Rosie the Riveter

As March being National Women’s History month is winding down, we don’t want to forget “Rosie the Riveter" which inspired a social movement that increased the number of working American women from 12 million to 20 million by 1944. Women responded to the call of duty the country was displaying by stepping up to fill positions that were traditionally held by men. They began to work heavy construction machinery, welding, taking roles in lumber and steel mills as well as physical labor including unloading freight, building dirigibles (which are airships similar to air balloons), making munitions, and much more.

The image of "Rosie the Riveter" reflected the industrial work of welders and riveters during World War II. A large number of working women filled non-factory positions as well. What unified the experiences of these women was that they proved to themselves (and the country) that they could do a "man's job" and could do it well. Being able to support the soldiers by making all sorts of different products made the women feel very accomplished and proud of their work.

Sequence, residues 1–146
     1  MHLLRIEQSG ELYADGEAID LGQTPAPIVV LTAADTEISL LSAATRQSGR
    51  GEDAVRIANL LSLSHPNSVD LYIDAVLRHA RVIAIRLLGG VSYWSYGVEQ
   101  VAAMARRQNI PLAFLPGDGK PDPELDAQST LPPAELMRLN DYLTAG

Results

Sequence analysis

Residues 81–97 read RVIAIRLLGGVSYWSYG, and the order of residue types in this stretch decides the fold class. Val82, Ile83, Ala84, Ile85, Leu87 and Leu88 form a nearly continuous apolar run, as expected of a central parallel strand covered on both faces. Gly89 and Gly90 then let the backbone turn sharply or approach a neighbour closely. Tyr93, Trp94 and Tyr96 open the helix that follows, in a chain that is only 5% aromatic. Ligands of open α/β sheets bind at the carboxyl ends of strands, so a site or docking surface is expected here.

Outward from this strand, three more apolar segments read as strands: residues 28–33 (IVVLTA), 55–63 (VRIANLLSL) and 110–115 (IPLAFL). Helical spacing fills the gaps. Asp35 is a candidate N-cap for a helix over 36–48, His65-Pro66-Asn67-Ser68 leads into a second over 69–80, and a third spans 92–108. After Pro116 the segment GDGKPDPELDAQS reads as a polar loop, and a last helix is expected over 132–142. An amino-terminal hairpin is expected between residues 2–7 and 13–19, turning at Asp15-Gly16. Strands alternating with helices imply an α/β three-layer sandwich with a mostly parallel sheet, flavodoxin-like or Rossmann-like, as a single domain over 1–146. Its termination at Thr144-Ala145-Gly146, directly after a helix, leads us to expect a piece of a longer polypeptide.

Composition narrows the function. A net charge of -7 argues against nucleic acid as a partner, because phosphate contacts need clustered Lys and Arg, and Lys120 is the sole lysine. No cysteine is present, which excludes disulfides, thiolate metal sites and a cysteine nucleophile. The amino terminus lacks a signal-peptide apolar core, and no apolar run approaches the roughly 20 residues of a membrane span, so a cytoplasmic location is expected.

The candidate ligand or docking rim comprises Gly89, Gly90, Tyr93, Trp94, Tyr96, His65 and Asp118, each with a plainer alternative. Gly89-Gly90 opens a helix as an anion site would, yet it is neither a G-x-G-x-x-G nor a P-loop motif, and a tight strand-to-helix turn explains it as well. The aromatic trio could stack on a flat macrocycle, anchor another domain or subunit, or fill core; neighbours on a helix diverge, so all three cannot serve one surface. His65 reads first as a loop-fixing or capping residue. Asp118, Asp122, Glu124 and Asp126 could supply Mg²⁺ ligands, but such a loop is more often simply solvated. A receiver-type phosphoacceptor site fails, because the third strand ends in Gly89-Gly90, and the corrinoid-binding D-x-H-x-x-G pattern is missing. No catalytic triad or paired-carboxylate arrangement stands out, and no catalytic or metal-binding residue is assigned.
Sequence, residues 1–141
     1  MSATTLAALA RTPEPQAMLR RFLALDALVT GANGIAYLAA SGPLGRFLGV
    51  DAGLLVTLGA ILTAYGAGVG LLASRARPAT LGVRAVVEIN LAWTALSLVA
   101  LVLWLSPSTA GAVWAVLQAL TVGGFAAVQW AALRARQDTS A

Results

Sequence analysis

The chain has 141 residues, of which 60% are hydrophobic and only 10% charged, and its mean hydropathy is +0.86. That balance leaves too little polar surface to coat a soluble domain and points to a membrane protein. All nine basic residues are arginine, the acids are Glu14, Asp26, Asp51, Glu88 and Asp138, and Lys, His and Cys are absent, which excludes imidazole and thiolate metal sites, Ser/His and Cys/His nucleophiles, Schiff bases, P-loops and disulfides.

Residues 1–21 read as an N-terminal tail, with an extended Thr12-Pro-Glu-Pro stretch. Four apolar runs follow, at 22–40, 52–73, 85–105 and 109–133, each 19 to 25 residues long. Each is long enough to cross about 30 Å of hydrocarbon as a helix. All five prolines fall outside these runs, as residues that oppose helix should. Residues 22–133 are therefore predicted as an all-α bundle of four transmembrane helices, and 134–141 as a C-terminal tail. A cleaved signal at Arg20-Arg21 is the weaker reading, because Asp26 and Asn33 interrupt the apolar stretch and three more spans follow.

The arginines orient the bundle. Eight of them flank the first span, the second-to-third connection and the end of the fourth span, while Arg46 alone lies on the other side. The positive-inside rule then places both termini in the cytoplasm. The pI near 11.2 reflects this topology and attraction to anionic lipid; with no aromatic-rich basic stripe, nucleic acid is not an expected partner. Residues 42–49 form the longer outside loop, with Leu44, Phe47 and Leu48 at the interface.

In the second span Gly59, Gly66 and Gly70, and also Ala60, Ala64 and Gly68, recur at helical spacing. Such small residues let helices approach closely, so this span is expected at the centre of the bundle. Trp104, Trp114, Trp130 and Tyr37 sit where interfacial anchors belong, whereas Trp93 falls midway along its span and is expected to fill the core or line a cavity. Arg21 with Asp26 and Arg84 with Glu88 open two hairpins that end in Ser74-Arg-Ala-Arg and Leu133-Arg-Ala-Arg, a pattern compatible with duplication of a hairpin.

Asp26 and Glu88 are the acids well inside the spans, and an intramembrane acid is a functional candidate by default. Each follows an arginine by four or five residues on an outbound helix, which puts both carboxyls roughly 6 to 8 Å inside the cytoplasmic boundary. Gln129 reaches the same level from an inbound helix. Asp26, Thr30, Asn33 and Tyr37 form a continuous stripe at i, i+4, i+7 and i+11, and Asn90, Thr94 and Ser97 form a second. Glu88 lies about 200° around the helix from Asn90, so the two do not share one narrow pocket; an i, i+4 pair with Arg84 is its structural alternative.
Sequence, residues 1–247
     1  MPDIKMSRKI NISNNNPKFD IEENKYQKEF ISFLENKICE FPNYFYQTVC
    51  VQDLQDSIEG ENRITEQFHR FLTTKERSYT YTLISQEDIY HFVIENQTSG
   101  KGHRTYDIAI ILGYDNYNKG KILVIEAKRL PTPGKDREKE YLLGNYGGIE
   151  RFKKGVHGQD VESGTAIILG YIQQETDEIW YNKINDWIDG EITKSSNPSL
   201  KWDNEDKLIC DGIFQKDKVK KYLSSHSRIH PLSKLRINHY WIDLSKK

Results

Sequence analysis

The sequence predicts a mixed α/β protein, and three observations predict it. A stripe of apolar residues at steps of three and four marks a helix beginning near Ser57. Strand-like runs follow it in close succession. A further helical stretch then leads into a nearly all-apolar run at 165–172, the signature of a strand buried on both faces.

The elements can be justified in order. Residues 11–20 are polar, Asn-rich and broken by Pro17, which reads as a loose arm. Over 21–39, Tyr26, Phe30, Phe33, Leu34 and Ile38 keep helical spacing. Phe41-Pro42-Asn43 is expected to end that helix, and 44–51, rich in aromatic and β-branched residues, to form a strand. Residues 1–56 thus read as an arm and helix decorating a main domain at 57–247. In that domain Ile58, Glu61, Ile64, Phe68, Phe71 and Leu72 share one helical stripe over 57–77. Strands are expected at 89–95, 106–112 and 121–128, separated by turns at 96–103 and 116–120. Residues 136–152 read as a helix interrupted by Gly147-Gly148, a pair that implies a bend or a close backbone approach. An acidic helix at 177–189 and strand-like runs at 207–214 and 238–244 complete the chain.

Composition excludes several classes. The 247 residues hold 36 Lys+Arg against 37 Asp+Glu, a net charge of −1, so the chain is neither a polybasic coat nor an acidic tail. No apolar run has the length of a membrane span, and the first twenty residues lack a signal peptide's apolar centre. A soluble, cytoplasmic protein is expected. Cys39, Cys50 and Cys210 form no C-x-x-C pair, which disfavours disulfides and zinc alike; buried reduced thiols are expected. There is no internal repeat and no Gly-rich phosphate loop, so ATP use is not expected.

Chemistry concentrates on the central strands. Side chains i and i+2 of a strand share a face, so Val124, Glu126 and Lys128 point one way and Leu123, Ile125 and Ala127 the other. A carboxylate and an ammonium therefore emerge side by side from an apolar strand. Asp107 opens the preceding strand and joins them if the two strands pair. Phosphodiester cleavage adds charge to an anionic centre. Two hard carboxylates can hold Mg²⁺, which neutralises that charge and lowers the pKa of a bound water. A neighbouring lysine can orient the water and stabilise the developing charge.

On the grounds of the Texas Panhandle War Memorial, we salute and thank these hard working “Rosie the Riveters” with a Memorial Rose Garden. Stop by and visit the Memorial and also checkout the Texas Panhandle War Memorial Center which honors veterans with displays and artifacts and visit the education center which teaches the history of the wars the U.S. has fought in.